Schools can sign up to our Plant to Plate campaign to win garden products
- Credit: Archant
Today we’re inviting schools to sign up to our brilliant new Plant to Plate initiative – in which they can win thousands of pounds of gardening products.
We're partnering with Enjoy Gardening More to provide schools with the opportunity to get their hands on a share of £10,000 worth of gardening equipment.
The hope is this will help schools create gardens which teach pupils how food is grown, as well as encourage outdoor learning.
Taking part in this amazing scheme simply requires collecting tokens from our newspapers - and we're hoping lots of parents and grandparents will get involved.
From Saturday January 18 until Friday March 27, there will be a token printed in every Ipswich Star and East Anglian Daily Times.
Every school that manages to collect at least 1,000 tokens will receive a pack worth £130 full of gardening equipment.
Each pack will contain all essentials needed to kick-start a gardening programme, including strawberry runners, pumpkin seeds and recipe ideas.
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The three Suffolk schools that collect the most tokens on average per student will be rewarded with a special package containing £1,000 worth of equipment, as well as special guidance from Enjoy Gardening More's head gardener Peter McDermott.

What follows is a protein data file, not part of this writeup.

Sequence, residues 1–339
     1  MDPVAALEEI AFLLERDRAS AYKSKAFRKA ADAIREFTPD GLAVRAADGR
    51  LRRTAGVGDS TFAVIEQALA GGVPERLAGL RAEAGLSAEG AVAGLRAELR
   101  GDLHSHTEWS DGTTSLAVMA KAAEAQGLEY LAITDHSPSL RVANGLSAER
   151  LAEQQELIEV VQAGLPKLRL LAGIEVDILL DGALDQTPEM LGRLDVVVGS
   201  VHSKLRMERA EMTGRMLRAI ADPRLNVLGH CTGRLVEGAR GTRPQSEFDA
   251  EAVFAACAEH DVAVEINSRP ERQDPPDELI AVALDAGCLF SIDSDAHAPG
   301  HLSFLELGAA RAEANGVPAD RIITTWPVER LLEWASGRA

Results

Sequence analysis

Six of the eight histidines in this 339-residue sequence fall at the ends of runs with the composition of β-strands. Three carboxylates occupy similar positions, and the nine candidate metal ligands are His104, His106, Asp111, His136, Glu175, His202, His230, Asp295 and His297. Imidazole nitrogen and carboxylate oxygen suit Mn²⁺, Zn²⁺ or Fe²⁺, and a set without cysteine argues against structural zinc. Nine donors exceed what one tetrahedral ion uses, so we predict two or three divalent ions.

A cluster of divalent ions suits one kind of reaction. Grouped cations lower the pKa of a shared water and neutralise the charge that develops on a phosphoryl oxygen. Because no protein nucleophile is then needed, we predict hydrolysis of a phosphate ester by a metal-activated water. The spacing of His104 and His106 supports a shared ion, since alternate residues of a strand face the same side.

Every school, both big and small, will have the chance to secure prizes in the scheme.
Schools simply need to send a contact name, postal address, email address and telephone number - including the number of students at the school - to firstname.lastname@example.org to sign up.
The deadline for getting entries in is Friday, 17 January.
Glenn Parfitt, headteacher at Stutton CEVC Primary School, said: "We think it's really important for our children to learn in an outside environment.
"It's a largely agricultural area we live in, and we find there's so much to learn about growing.
"We also like to mix our learning up and teach our students in different settings."
Nicole Barr, volunteer coordinator at Melton Primary School, added: "We've already had an area of the school field fenced off to provide our garden area.
"The children are looking forward to preparing and planting the area and using the produce in the spring and summer."
Peter McDermott added: "Gardening helps children to engage with their surroundings, and the benefits are wide ranging from building life skills to understanding sustainability.
"This project is just perfect for schools by giving the next generation an understanding of where food comes from and how the natural world works - plus it gives them a chance to be outside and become happier and healthier.
"It's amazing just how much kids love growing things and they get even more excited when they can eat what they have grown.
"It's our hope that by inspiring just one child to grow something from seed it will lead to a lifetime of enjoyment and interest in gardening and the amazing advantages that it will bring."